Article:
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Content archived on 2024-06-18

Functionalized biopolymers for application in molecular electronics and in photonics

Final Report Summary - BIOMOLEC (Functionalized biopolymers for application in molecular electronics and in photonics)

Bio-inspired materials are obtained from natural molecules or macromolecules. They are environmentally friendly and can be considered as good as synthetic ones, when used as biopolymers. The main advantage of natural macromolecules is that they are abundant in nature and extracted not only from fast growing plants, but also from agricultural or fish industry waste, such as sugar cane bagasse, shrimp carapace, fruit skins, etc. The other advantages is that they are biocompatible, biodegradable, renewable, which is very important to preserve our environment. The most important natural macromolecules are polysaccharides, proteins, deoxyribonucleic acid (DNA) and natural rubber. DNA, extracted from fish industry waste, is a promising material that can be used in different applications, such as optoelectronics.
The purpose of BIOMOLEC (Functionalized biopolymers for application in molecular electronics and in photonics) project was to render biopolymers such as DNA and collagen stable and applicable in photonics and in molecular electronics by appropriate funcionalizations. This project between the partners with different, although complementary expertise, allowed a multidisciplinary approach at the interface of organic chemistry, physics, materials science, molecular and material engineering for environment friendly technologies with sustainable, renewable resources.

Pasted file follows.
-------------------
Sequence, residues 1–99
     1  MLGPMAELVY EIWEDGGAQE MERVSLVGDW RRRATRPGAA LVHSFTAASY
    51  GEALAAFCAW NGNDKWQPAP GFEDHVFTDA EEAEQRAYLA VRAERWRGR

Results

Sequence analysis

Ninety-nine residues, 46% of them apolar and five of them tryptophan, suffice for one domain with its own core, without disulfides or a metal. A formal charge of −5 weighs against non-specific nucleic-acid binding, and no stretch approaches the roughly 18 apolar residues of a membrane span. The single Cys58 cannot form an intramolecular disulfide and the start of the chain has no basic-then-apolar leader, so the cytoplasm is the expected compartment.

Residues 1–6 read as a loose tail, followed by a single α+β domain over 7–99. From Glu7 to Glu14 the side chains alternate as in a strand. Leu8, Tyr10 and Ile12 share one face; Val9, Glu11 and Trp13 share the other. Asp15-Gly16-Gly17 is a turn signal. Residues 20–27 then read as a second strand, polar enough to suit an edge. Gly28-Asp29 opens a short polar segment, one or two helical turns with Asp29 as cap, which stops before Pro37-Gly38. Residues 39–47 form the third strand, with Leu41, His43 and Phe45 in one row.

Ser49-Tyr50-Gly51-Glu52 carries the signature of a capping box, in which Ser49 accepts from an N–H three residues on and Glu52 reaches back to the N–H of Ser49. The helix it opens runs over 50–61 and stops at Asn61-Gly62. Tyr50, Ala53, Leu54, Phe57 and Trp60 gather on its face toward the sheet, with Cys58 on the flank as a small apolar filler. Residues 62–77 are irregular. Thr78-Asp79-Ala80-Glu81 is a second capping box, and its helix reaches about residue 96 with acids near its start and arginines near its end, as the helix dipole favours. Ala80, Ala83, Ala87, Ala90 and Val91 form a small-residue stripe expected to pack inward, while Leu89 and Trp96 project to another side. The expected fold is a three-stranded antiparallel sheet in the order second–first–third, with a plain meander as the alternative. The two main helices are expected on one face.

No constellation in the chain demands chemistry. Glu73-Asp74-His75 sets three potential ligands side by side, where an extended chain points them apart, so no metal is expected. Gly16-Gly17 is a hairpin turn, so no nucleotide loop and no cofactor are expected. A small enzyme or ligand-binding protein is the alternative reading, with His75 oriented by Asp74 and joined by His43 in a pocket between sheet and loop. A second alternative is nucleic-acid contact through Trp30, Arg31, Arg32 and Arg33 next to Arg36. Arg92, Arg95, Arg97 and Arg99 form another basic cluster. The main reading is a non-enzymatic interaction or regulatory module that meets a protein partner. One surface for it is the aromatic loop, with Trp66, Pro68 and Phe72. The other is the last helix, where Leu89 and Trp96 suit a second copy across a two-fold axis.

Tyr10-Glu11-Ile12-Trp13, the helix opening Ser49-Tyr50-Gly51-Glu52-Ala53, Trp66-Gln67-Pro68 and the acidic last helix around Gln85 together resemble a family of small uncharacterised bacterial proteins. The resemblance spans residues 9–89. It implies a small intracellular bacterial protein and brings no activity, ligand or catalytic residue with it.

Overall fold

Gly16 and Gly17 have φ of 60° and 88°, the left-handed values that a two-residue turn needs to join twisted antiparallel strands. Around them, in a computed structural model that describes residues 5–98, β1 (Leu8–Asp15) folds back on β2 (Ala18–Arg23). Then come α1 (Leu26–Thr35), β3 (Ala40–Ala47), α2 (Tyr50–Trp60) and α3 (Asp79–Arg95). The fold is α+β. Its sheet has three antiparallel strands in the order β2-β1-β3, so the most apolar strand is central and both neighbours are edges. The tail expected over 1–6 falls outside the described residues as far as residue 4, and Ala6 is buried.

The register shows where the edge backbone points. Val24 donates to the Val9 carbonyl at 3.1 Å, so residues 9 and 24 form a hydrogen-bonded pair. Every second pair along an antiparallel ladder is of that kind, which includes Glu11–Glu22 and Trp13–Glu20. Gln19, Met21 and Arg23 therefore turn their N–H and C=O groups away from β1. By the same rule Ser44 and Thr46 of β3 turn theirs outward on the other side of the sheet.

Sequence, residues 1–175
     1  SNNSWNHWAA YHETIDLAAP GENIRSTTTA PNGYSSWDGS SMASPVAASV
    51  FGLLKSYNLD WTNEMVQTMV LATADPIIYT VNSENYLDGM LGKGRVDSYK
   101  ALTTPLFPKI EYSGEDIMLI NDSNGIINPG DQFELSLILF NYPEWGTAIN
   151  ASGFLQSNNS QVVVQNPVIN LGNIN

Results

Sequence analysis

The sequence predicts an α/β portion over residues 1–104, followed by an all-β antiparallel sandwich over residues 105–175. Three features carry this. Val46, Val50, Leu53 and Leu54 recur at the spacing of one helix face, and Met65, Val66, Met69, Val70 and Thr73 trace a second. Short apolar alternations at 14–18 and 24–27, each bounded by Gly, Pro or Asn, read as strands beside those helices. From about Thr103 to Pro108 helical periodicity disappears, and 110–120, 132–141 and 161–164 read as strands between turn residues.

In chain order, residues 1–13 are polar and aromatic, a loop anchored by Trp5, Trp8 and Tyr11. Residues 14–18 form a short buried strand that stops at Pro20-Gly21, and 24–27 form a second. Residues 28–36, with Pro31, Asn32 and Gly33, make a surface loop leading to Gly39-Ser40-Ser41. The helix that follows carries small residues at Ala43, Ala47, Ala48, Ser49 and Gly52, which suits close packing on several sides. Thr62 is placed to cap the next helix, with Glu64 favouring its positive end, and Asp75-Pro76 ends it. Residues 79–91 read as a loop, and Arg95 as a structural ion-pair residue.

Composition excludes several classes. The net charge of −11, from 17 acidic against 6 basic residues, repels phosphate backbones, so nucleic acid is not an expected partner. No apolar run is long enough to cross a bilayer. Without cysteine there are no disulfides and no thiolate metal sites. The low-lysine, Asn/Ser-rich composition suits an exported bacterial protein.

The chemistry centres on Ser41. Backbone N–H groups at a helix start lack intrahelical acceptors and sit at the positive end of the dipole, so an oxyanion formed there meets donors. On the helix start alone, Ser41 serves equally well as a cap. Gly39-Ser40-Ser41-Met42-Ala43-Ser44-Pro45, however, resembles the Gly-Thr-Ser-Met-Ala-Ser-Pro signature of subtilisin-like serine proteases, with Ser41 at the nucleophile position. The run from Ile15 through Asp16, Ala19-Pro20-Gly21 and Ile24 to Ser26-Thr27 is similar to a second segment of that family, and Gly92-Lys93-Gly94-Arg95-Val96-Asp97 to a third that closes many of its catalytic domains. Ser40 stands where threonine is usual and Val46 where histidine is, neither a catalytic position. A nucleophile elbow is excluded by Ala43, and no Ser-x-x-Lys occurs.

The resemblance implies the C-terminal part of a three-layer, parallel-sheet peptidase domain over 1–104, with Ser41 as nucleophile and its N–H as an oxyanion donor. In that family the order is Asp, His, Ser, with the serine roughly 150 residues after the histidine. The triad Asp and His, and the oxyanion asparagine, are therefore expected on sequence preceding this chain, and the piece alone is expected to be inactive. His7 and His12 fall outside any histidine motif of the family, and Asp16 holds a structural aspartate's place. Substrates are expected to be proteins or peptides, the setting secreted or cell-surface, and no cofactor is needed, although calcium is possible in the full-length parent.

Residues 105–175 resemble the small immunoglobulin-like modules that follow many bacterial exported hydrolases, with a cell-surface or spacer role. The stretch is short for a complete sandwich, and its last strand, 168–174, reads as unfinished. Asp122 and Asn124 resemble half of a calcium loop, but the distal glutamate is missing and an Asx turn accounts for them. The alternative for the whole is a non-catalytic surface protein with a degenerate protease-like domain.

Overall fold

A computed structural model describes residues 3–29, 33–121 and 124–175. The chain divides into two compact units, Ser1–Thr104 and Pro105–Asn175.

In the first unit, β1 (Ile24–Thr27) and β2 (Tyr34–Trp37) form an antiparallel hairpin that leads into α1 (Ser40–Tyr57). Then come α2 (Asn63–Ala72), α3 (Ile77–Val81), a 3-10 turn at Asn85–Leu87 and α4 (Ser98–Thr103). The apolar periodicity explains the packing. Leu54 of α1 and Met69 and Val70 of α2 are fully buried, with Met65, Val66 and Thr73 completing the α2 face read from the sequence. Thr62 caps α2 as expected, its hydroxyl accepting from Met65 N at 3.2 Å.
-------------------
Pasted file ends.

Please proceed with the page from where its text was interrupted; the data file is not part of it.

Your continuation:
Natural macromolecules are mostly water soluble, and this could be a problem for some applications. However, it is possible to improve their physicochemical properties through chemical or physical derivatizations. As an example, substitution of DNA sodium counter ions, from salmon sperm extraction, by hexadecyltrimethylammonium chloride (CTMA) cations results in changing DNA solubility from water to low polar organic solvents such as butanol.
The DNA-CTMA complex, which is processable into good optical quality thin films has been shown to be a promising matrix for several applications. The most relevant results obtained during these 4 years are summarized in the following:
- In the field of photonics, DNA was shown to represent an improved environment for enhanced luminescence properties: due to the specific double strand helical structure offering a possibility of intercalation and/or a protective role, which minimise aggregation for small molecules, push-pull fluorescent chromophores have been shown to present a significant larger luminescence quantum yield in DNA-CTMA, compared to that observed in a synthetic polymer such as a polymethyl methacrylate (PMMA). This represents a promising results for bio-imaging applications.